Specialty license plate students designed has legislators' attention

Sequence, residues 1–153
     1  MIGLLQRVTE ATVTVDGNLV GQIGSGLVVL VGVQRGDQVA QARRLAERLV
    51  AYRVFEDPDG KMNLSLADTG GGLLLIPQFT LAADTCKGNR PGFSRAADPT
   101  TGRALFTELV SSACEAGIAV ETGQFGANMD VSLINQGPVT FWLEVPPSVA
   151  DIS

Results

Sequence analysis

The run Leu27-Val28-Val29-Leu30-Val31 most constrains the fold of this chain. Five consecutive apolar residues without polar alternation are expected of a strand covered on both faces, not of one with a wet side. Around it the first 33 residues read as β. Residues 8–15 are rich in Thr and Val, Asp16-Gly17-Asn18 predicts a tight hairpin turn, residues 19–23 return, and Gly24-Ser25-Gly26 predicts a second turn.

PINELLAS PARK - Christy Sullivan beamed with pride as she watched her daughter speak to a room full of reporters and politicians Wednesday afternoon, but she couldn't help but feel a little nervous. Her daughter, Pinellas Park High School junior Lauren Lofton, is spearheading a class project to create a specialty license plate to honor law enforcement officers killed in the line of duty — the first in the state. The project has caught the attention of legislators, who want to make it a reality during this year's legislative session, and has reminded Sullivan of the dangers associated with her daughter's chosen career. "Everyone in our family but me is in law enforcement, and it's a double-edged sword," she said. "There's such a feeling of pride knowing your family is out there making a difference, but you also want them to come home safe and sound." The 130 students in the school's Criminal Justice Academy Class of 2014 consider all law enforcement officers to be "heroes, like soldiers," said junior Jonaleah Carrow."Officers every day are risking their lives to save ours," she said. "It's one of the scariest jobs to have, but it's so important. We just had to do something to give back." That's the idea behind their class project, called Operation 10-24, begun in 2011 after three police officers in the St. Petersburg Police Department were killed on duty. Students in social studies teacher Richard Cross' class do a fallen officer project every year, but the freshman class was hit hard by the deaths of the three officers. After thinking of ways they could express their feelings, Cross came up with the license plate idea. Each student submitted and voted on a design and spent the past two years trying to make the plate a reality. They have the support of state Sen. Jack Latvala and state Rep. Dwight Dudley, who are sponsoring bills to make the students' idea a reality. Latvala, a Republican from Clearwater, said he's confident that can happen, despite a moratorium on new plates for 2014 and legislators' reluctance to add more. The plates would cost $25 a year, and the nonprofit Police and Kid's Foundation would dispense the money. Educational efforts such as high school programs for students interested in law enforcement or scholarships for the police academy would receive 30 percent of the money, and 70 percent would go to equipment and safety training for officers across the state. The plate features two police badges, one from St. Petersburg and one from the state, with a black-and-blue ribbon along the edges. On the bottom is a phrase students couldn't get out of their heads. They first heard it when Cross showed them a tape of Polk County deputy Matt Williams' funeral in 2006, and it has become a mantra. "A man remembered never dies."
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